If you need support to access shopping for food and essentials before 31 March, and are unable to arrange this yourself or through friends, family, or other support networks, you can still register to request priority access to a supermarket delivery slot at the Shielding Support website, https://www.gov.uk/coronavirus-shielding-support by 31 March. You will no longer be able to register using this website after midnight on 31 March.
You might still want to ask friends, family or volunteers to collect medicines for you.
The NHS Volunteer Responders programme is still available to help support those who need it. Volunteers can collect and deliver shopping, medication and other essential supplies. Call 0808 196 3646 between 8am and 8pm, 7 days a week to self-refer or visit https://www.nhsvolunteerresponders.org.uk for further information. There may also be other voluntary or community services in your local area that you can access for support.
If you require additional care and support
It is important that you continue to receive the care and support you need to help you stay safe and well. Providers of social care and medical services are making every effort to ensure services remain open and as safe as possible.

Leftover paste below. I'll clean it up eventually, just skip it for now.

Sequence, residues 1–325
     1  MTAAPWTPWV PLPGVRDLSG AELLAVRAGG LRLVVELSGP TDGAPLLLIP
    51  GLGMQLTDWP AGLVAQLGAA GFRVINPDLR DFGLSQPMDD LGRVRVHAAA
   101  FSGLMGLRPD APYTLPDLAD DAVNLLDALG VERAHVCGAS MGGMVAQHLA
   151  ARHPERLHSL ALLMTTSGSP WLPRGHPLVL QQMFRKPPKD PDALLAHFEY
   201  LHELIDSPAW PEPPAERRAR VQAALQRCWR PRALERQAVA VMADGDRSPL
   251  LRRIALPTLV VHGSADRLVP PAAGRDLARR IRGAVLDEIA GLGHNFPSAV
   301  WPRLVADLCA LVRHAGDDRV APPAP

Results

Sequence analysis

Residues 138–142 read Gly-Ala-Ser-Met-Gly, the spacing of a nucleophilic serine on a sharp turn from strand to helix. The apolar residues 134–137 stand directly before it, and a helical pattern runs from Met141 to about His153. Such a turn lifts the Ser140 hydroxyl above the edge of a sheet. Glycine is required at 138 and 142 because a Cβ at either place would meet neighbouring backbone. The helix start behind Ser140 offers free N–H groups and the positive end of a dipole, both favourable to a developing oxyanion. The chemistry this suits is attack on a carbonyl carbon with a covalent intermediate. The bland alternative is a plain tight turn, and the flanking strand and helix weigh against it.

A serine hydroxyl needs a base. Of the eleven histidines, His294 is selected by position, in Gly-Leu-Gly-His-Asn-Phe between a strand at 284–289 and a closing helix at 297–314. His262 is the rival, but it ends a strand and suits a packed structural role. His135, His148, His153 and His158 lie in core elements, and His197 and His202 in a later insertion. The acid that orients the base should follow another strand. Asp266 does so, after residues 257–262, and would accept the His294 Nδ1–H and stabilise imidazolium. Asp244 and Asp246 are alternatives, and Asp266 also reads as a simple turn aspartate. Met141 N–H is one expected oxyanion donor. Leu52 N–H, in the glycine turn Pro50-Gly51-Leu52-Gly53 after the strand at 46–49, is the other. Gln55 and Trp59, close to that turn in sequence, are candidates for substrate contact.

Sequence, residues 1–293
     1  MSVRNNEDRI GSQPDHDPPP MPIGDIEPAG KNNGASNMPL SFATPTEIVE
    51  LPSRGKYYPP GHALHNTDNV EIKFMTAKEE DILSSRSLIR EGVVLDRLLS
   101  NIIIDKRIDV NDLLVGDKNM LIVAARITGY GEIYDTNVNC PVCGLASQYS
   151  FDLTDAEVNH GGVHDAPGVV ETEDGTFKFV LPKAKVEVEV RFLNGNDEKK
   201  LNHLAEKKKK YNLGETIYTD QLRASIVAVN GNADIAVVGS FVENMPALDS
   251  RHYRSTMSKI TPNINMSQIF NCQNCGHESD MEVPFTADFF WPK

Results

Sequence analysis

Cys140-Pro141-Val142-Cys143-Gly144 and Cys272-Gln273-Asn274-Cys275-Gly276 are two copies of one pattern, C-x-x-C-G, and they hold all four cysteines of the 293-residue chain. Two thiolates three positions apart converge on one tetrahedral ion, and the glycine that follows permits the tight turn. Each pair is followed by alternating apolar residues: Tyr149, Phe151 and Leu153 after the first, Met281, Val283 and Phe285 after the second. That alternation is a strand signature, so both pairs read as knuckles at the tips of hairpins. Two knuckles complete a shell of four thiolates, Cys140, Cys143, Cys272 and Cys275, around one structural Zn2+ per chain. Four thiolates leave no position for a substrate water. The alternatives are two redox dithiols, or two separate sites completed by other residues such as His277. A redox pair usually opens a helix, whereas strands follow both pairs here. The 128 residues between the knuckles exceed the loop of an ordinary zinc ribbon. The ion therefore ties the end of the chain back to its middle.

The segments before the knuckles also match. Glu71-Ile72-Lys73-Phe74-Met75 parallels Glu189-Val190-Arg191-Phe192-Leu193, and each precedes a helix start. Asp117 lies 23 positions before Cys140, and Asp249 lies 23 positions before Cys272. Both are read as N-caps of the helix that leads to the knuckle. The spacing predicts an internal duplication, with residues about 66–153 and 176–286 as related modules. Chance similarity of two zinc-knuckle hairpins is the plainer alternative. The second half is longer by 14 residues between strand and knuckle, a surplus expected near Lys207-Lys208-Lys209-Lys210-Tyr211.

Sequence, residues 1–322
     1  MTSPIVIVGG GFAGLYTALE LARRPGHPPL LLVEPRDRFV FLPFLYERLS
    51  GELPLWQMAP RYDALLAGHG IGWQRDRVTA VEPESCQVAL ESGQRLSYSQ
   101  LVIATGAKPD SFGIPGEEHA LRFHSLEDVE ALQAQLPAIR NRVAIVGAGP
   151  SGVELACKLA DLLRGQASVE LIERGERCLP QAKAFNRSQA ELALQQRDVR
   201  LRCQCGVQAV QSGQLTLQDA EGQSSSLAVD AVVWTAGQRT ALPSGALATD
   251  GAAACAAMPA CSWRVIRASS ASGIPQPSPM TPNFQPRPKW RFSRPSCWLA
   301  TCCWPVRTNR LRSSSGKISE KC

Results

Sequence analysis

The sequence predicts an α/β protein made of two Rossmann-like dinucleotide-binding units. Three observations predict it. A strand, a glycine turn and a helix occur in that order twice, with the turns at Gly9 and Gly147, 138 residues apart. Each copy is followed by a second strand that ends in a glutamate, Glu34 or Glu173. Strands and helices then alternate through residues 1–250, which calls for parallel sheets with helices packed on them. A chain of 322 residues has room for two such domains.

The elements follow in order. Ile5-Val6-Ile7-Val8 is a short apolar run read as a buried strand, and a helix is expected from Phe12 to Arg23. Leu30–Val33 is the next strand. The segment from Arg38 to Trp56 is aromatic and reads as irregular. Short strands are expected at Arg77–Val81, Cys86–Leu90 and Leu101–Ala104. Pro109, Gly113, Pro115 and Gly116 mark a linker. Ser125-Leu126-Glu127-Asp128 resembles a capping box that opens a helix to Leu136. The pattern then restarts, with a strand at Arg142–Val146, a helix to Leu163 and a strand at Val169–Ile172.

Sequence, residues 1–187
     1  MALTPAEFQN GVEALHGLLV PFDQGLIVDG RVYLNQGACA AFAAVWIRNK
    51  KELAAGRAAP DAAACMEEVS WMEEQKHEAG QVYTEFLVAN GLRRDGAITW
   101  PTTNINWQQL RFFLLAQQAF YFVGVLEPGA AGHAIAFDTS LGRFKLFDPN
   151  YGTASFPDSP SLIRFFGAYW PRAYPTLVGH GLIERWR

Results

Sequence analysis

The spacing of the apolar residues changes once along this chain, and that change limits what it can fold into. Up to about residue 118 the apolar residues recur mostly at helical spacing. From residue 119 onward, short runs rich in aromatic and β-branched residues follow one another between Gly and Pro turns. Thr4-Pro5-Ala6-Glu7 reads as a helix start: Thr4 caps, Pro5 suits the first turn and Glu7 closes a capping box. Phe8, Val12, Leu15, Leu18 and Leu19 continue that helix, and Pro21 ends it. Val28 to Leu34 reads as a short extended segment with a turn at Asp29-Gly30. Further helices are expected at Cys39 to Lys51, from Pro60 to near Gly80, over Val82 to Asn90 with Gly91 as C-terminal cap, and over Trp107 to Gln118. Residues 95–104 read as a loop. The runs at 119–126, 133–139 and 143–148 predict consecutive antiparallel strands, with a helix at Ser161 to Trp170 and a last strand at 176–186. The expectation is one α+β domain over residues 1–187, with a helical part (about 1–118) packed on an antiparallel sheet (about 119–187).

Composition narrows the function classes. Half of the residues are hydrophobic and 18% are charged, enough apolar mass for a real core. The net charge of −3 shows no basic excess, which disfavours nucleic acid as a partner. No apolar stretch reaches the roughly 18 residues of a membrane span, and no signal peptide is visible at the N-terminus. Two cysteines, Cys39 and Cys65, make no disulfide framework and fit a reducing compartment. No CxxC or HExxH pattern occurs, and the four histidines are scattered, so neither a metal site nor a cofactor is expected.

You should continue to seek support from the NHS for your existing health conditions. You can access a range of NHS services from home, including ordering repeat prescriptions or contacting your health professional through an online consultation. To find out more visit https://www.nhs.uk/health-at-home, or download the NHS App (https://www.nhs.uk/using-the-nhs/nhs-services/the-nhs-app/). If you have an urgent medical need, call NHS 111 or, for a medical emergency, dial 999.
It is also important to look after your mental health. Go to the Every Mind Matters website (https://www.nhs.uk/oneyou/every-mind-matters/) for advice and practical steps that you can take to support your wellbeing and manage your mental health during this pandemic and beyond. The Let’s Talk Loneliness website also has a variety of tips, advice and further resources that you may find helpful (https://letstalkloneliness.co.uk/).
This email has been sent to you as a clinically extremely vulnerable patient on the Shielded Patient List in England using the email address you have previously registered with the NHS. If you wish to change your email address, or no longer wish to receive these communications by email, please speak to your GP who can update your contact information.